The New Encyclopedia of Southern Culture: Volume 7: Foodways
John T. Edge
UNC Press Books, Feb 1, 2014 - Reference - 336 pages
When the original Encyclopedia of Southern Culture was published in 1989, the topic of foodways was relatively new as a field of scholarly inquiry. Food has always been central to southern culture, but the past twenty years have brought an explosion in interest in foodways, particularly in the South. This volume marks the first encyclopedia of the food culture of the American South, surveying the vast diversity of foodways within the region and the collective qualities that make them distinctively southern.
Articles in this volume explore the richness of southern foodways, examining not only what southerners eat but also why they eat it. The volume contains 149 articles, almost all of them new to this edition of the Encyclopedia. Longer essays address the historical development of southern cuisine and ethnic contributions to the region's foodways. Topical essays explore iconic southern foods such as MoonPies and fried catfish, prominent restaurants and personalities, and the food cultures of subregions and individual cities. The volume is destined to earn a spot on kitchen shelves as well as in libraries.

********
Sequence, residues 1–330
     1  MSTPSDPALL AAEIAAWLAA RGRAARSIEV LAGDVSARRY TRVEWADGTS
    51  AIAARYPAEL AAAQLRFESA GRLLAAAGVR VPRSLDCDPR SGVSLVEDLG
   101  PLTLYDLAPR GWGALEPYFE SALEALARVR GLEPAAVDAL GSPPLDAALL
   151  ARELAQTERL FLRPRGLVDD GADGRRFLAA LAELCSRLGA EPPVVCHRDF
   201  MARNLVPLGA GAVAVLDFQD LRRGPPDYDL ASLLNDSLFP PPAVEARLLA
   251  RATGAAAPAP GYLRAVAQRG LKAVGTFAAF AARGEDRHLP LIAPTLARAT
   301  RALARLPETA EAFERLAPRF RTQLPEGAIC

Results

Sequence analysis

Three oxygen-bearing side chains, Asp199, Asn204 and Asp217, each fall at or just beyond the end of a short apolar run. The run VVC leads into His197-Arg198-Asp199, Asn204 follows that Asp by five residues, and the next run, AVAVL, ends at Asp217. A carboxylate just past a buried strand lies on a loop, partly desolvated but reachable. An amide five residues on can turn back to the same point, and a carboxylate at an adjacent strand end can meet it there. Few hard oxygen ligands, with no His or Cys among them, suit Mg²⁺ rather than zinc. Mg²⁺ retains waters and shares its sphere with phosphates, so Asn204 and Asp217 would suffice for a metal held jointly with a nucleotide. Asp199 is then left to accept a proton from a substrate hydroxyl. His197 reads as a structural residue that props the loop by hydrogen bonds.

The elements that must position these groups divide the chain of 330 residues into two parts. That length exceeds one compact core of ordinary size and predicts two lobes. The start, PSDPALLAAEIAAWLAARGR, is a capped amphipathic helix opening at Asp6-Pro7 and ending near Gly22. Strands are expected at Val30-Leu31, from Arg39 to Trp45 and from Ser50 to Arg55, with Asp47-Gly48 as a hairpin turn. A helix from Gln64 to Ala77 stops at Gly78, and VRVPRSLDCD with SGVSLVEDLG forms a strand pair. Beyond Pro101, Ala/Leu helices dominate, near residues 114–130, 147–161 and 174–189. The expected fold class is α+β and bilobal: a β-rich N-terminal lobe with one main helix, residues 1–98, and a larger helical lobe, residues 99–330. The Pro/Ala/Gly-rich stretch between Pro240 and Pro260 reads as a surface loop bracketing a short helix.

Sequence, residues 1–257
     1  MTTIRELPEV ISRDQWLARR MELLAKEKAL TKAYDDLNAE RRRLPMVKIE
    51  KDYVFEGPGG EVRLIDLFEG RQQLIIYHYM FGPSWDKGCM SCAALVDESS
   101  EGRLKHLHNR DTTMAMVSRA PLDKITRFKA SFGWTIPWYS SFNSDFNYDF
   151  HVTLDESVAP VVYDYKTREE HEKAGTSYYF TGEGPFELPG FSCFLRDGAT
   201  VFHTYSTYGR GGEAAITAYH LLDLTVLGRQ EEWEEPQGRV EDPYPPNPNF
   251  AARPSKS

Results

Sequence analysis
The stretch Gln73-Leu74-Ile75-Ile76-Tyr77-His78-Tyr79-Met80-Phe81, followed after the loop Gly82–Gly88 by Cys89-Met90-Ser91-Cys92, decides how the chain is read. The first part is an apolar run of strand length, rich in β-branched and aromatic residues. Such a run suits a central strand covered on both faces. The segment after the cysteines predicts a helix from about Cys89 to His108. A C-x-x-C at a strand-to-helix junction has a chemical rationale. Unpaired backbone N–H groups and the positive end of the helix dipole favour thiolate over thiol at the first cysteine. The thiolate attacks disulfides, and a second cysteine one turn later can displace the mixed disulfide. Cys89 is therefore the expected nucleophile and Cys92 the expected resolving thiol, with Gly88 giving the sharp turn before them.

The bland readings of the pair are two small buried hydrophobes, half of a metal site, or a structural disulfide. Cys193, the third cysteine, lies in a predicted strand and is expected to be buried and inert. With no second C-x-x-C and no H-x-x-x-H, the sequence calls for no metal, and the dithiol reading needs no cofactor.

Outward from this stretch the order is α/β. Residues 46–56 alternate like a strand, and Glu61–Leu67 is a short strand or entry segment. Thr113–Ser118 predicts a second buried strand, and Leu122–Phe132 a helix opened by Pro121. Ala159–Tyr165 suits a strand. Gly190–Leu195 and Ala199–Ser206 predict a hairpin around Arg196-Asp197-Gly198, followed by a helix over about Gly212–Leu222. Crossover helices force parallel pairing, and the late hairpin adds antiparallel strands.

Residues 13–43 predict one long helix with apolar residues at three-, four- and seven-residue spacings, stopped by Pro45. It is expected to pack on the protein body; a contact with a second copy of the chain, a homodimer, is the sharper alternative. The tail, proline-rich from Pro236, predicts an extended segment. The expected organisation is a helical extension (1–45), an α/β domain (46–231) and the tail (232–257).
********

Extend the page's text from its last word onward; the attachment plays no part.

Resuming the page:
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20th century African American American South Atlanta Aunt Jemima baked barbecue beans became beef biscuits boiled bread Brunswick stew butter Cajun cake catfish cheese chef chess pie chitlins church city’s collard colonial Cookbook Cookery cooking corn cornbread cornmeal country ham crawfish Creole cuisine culinary dinner dishes drink early eating eggs ethnic farm farmers fish flavor flour foodways French fried chicken fruit Georgia gravy greens grits gumbo History ingredients John Egerton Kentucky kitchen Krispy Kreme Louisiana Lowcountry meal meat MoonPie North Carolina okra onions Orleans oysters peanut pecan pepper pickled pimento cheese plantation popular pork possums produced pudding recipes region restaurants rice sandwich sauce seafood season served slaves sorghum soul food southern culture Southern Food stack cake stew sugar sweet potatoes tamale taste Texas tion tomatoes traditional University of Mississippi vegetables Virginia watermelon whiskey wine women World